BRIDGING DIGITAL DIVIDE TO ENHANCE TEACHING AND LEARNING FOR HUMAN CAPITAL DEVELOPMENT IN THE EAST COAST ECONOMIC REGION (ECER) OF MALAYSIA

A.M. Abdulai1, C. Siwar2, A.G. Bin Ismail3, N.A. Mohd. Noor4, P.R. Makol-Abdul4

1International Islamic University & Institute for Evironment and Development, UKM (MALAYSIA)
2Institute for Environment and Development, Universiti Kebangsaan (MALAYSIA)
3School of Economics and Islamic Finance, Universiti Kebangsaan (MALAYSIA)
4International Islamic University (MALAYSIA)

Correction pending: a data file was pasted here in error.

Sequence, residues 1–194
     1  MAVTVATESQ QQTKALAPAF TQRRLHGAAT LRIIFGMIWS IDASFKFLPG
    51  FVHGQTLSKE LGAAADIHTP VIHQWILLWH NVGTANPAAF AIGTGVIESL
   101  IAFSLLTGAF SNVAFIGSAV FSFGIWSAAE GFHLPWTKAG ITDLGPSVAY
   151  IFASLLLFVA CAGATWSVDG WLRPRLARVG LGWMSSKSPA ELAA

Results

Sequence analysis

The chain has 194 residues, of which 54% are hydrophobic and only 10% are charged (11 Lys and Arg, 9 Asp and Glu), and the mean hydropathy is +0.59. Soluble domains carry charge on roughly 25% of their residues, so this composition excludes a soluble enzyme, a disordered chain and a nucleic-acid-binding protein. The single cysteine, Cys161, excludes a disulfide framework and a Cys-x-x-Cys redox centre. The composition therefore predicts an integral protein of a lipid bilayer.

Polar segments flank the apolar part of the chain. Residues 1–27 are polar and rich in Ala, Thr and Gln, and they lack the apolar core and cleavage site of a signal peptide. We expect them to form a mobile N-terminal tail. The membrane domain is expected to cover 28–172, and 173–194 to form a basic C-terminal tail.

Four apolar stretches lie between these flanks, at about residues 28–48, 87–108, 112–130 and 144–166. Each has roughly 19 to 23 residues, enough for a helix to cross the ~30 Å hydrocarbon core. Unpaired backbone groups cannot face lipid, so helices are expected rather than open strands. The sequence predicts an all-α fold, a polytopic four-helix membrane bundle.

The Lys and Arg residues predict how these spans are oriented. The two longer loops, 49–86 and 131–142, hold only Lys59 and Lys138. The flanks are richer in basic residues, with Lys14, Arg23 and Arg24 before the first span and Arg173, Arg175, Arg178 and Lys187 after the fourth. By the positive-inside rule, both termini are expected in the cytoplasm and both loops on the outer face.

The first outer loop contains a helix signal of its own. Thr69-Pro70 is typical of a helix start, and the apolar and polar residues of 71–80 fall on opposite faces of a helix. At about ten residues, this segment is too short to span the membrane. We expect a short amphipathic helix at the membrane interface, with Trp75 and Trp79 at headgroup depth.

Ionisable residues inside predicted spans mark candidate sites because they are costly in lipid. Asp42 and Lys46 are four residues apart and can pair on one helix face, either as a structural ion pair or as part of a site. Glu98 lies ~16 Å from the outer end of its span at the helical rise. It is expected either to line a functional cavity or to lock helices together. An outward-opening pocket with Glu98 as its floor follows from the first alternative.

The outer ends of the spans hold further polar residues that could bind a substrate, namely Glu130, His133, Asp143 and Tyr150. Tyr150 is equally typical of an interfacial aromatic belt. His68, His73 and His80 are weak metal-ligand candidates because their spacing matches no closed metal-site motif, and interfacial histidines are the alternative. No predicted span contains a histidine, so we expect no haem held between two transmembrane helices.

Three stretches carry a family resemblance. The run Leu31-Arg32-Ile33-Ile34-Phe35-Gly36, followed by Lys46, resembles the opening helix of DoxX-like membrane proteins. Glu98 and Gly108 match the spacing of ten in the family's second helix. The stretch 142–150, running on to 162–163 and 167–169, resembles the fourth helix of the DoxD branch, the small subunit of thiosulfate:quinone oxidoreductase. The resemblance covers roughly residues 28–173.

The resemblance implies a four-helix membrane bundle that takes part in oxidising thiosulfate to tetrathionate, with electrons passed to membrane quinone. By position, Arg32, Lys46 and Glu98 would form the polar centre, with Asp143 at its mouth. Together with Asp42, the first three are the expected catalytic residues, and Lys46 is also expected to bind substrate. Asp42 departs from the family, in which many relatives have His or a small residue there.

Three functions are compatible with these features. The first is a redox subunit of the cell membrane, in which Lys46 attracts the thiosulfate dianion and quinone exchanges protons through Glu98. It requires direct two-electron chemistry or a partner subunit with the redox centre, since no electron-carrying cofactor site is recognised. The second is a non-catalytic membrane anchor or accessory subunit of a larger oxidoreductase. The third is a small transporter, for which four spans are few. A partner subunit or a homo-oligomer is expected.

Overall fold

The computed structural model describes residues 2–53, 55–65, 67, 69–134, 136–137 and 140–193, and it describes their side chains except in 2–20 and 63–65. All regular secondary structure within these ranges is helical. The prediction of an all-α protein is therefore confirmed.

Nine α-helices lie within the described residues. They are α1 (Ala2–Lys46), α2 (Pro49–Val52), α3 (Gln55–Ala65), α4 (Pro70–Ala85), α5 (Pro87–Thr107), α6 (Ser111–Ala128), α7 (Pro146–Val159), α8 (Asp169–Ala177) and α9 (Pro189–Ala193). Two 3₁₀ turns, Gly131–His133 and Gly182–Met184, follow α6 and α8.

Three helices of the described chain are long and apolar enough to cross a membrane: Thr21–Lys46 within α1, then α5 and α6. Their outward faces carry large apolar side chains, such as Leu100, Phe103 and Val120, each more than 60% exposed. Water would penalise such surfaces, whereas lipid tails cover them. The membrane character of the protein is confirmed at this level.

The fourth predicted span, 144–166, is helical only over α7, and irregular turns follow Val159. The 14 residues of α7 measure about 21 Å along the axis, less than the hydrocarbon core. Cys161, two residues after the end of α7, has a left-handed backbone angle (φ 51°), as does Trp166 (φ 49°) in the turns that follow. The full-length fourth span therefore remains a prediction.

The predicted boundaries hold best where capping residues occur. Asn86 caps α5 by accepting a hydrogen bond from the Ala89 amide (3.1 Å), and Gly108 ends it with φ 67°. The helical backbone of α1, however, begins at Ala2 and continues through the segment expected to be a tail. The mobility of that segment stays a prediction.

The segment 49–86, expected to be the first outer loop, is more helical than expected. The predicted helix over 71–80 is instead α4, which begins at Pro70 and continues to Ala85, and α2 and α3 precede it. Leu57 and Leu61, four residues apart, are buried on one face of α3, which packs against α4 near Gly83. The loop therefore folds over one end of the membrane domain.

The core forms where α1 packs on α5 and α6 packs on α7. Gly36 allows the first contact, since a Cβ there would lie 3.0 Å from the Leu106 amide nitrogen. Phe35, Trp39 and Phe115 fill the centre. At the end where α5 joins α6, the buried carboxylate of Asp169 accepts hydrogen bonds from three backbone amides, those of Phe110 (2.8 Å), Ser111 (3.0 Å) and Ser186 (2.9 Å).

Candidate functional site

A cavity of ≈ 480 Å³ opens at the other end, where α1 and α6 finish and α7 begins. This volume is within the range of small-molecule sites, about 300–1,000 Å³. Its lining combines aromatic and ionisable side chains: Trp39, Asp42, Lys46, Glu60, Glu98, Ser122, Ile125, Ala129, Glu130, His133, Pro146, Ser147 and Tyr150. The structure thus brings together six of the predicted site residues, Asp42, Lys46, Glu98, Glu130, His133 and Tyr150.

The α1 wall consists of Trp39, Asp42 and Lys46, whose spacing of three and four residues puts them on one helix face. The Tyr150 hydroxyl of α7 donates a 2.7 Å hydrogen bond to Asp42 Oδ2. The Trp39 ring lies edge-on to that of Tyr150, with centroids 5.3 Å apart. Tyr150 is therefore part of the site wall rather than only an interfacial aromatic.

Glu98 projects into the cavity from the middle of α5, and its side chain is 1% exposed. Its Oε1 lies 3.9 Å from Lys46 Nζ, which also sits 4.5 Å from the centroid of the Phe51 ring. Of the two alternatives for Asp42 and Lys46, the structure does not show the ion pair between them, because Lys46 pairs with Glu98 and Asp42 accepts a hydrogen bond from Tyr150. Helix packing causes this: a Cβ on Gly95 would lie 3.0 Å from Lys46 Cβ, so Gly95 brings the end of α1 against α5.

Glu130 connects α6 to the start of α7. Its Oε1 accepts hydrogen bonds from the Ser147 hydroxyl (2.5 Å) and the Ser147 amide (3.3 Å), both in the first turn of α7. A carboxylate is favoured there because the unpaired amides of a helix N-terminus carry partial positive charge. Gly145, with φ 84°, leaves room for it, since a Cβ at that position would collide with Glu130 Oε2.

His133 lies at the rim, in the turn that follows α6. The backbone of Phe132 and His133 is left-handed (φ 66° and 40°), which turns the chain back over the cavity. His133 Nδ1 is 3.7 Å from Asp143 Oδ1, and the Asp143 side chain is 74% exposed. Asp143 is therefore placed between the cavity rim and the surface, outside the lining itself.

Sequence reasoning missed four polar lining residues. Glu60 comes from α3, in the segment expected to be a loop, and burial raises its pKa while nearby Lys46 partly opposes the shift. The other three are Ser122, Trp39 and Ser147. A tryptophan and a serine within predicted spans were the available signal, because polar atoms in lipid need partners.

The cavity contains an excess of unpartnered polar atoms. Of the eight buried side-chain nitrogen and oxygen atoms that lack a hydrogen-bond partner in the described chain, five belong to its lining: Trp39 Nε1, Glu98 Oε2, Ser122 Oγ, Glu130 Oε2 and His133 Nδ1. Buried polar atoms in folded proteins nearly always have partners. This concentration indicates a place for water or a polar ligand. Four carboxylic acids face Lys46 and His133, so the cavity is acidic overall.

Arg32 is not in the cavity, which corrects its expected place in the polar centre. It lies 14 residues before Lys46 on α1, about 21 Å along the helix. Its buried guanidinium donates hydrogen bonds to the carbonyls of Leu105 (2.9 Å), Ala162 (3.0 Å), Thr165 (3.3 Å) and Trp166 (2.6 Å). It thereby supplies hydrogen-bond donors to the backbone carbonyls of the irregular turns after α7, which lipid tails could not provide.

This paper has examined the extent to which addressing the issue of digital divide can enhance teaching and learning in order to produce the human capital required to support the development agenda of the east coast economic region (ECER). This region consists of three relatively less-developed states and a district in Malaysia (i.e., Kelantan, Pahang, Terengganu, and Mersing District). Inadequate human capital, especially skilled labour, has been identified as one of the major factors underpinning ECER’s underdevelopment. Although Malaysia happens to be one of the few Southeast Asian countries with high internet penetration, the fact that the regions and states differ in terms of the available resources, social and public infrastructure underscores the likelihood of unequal access to digital technology among them. Making digital technology readily available and accessible in the ECER may facilitate the training of the right calibre of manpower. It is argued that developing human capital is possible only through strong and efficient educational system (Chamhuri, 2005; Abdulai & Chamhuri, 2008, p.7). And the use of digital technology that includes, of course, information and communications technology in teaching and learning process has tremendously enhanced educational system in the majority of countries, particularly in research and development endeavours. It is the belief of the authors that the Malaysian Government will not be oblivious of the crucial benefits associated with tackling the digital divide issue in the ECER. In that light, what measures does the Government put in place to achieve this goal? And what results have such measures produced? Addressing these questions constitutes the main objective of the paper.